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Tuesday, March 13, 2007

SJR sold

Noting a moment in history. It was announced today that our local daily newspaper, the State Journal-Register has been sold to "one of the largest publishers of locally based print and online media in the United States," Gatehouse Media of Fairport, New York. From the breaking news article:

Gatehouse announced the purchase this afternoon. Gatehouse is paying a net of $380 million for the nine publications, according to a GateHouse news release.

Among the other papers is the Peoria Journal Star.

The transaction is expected to close before the end of April and is subject to regulatory approval and customary closing conditions.

This took from January 1st to today. (That we know of.)

Sue Schmitt, publisher of The State Journal-Register, said the newspaper's role in the community won't change.

She says that now. But, we know it will change. They always say something like that when a local bank gets sold to a big conglomerate and look what happens to them. To the writers, staffers, and employees, good luck. And good night.

Edit to add: Seller Copley Press, until this sale, "publishes 10 daily, 9 weekly, and 1 bi-weekly newspapers." (Wiki.) Whereas, Gatehouse owns "445 community publications, including seven white and yellow page directory publications in 18 states and more than 235 related web sites..." (Press release, for which I don't have a permalink.) We pretty much know who owns Copley News. Who owns Gatehouse?

Posted by Marie at March 13, 2007 11:55 PM

Comments

All of our local newspapers and television stations are owned by conglomerates/syndicates of one kind or another. I wonder what editorial influence they wield over the news. Dan might be the one to ask.

Posted by: Rob Author Profile Page at March 14, 2007 12:15 PM

GateHouse Media Inc. is publicly held, which means that you can read about their business in SEC filings and find out about their ownership. As it happens, the company just filed its annual report for 2006 (http://investors.gatehousemedia.com/secfiling.cfm?filingID=1193125-07-52745).

The ownership questions takes some careful reading and research, but here's a start: GateHouse was until last year known as Liberty Group Publishing, based in Northbrook, Illinois; Liberty has been on a pretty steady and aggressive acquisition path for the last few years. The company CEO is a community newspaper pro from Alabama.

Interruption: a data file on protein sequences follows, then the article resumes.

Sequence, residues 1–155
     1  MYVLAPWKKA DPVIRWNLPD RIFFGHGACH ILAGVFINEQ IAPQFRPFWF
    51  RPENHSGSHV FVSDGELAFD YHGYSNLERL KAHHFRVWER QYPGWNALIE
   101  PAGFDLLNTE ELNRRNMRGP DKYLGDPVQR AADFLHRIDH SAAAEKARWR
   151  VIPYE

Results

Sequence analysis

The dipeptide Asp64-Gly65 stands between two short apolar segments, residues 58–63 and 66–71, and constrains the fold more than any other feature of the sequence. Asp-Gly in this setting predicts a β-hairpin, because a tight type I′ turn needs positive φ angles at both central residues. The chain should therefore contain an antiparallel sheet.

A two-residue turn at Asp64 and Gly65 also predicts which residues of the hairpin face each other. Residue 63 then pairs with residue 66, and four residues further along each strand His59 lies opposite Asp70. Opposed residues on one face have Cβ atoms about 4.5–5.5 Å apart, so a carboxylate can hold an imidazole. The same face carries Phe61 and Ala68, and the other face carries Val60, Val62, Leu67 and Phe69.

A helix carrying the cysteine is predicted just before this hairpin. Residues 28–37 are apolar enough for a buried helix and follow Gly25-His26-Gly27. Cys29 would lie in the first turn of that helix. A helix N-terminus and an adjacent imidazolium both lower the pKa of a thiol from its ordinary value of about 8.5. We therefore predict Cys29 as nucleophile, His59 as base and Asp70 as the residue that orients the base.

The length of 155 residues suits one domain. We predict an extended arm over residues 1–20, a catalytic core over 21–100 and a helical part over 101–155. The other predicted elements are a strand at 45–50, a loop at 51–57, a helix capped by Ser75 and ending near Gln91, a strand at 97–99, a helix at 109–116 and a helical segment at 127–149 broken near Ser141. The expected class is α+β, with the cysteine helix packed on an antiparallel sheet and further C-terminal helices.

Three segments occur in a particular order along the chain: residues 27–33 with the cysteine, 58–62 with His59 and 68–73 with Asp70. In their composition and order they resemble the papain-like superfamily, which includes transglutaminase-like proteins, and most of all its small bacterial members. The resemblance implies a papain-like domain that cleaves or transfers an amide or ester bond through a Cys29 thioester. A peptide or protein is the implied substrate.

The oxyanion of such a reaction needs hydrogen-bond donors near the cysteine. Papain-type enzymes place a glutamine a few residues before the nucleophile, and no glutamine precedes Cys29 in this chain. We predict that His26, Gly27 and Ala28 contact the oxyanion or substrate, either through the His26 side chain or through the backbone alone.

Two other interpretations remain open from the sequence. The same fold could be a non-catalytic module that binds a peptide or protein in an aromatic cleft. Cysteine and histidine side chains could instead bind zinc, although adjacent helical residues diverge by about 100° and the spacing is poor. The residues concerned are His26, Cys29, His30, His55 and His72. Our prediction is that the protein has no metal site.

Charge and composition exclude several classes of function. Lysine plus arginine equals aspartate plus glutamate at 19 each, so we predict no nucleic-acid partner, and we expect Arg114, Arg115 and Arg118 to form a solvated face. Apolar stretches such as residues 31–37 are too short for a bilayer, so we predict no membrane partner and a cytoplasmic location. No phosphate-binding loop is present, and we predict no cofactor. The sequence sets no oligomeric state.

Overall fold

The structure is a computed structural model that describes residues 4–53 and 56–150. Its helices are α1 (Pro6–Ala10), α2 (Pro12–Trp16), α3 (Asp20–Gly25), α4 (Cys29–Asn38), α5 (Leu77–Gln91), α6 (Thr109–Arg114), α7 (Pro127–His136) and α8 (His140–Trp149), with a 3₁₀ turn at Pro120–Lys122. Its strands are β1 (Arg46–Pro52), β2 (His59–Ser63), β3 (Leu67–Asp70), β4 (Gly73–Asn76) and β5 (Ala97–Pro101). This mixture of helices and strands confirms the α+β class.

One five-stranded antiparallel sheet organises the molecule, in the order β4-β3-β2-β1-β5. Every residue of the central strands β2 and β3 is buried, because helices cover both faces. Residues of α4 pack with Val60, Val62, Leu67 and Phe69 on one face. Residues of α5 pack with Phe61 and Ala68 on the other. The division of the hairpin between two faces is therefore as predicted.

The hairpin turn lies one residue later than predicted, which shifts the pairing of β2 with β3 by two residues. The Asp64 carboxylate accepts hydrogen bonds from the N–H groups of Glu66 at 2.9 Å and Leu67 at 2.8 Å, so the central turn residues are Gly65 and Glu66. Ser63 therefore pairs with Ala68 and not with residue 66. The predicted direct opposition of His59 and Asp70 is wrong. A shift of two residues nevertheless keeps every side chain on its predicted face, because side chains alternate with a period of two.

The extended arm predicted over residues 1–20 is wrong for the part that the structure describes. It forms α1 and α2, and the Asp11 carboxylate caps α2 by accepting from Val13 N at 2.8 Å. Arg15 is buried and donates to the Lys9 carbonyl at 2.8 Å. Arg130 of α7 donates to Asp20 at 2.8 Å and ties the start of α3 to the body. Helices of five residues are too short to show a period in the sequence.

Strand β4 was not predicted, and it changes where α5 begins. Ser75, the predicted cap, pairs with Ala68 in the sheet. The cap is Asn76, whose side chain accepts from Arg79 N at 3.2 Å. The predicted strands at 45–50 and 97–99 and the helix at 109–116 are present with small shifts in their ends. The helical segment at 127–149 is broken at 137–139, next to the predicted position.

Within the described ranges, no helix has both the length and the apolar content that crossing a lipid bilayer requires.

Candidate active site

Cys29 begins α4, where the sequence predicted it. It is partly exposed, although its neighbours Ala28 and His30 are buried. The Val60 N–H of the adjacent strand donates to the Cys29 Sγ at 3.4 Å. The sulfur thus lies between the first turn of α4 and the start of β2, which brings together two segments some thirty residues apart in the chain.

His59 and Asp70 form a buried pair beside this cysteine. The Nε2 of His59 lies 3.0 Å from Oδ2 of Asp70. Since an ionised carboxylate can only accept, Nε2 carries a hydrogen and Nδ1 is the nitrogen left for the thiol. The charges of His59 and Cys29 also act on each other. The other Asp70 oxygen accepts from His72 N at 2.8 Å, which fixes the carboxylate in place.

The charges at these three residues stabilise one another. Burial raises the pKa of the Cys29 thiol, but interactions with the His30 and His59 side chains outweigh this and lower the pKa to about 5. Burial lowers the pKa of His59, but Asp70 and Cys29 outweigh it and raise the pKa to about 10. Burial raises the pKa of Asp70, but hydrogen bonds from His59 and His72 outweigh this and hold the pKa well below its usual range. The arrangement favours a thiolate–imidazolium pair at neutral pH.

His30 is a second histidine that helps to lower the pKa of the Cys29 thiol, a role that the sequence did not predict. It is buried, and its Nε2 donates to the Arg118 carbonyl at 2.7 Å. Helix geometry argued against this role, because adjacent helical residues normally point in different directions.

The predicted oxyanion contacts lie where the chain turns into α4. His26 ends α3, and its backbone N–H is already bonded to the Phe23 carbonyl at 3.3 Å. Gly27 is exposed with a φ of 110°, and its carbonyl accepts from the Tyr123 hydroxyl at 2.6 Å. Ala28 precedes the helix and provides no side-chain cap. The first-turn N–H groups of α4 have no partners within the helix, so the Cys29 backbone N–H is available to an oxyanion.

It turns out that GateHouse/Liberty, in turn, is controlled by a big New York-based outfit called Fortress Investment Group (http://www.fortressinv.com/site_content.aspx?s=16); they handle money for wealthy people looking for a solid return and have investments everywhere, including, now, your hometown paper. To take the exercise one step further, you can look at the boards of directors at GateHouse and Fortress and check on their political leanings by running their names against the Opensecrets.org database. I did that for Wesley R. Edens, the chairman of both GateHouse and Fortress, and found that in the last couple election cycle, he was a dependable contributor to Democratic congressional candidates (including Rahm Emanuel, for another Illinois connection). Opensecrets also allows you to look up donors by employer, and the people listed as from Fortress Investments looks like they lean pretty strongly Democratic (though there were a couple stray donations to Bush in the '04 cycle, too).

As to Rob's question about editorial influence, I think the most important effect owners have on news media holdings is through their investments in the product. In other words, how much will they pay to support a newsgathering operation? As everyone knows, these are hard times for news organizations, especially papers, because their ad base is being seriously eroded by online alternatives and they haven't figured out how to retrench their operations yet. So mostly they resort to cutting costs--i.e., firing people--which in turn reduces further the scope and effectiveness of news coverage. It's a losing formula, but that's what the industry is into these days. I'd think the fact the papers are now owned by someone who looks at them first as assets that need to perform financially is not great news for their editorial quality; but the future is probably not a whole lot different from what you'd see had Copley hung onto the SJR. That's my two cents, anyway.

Posted by: Dan at March 16, 2007 11:18 AM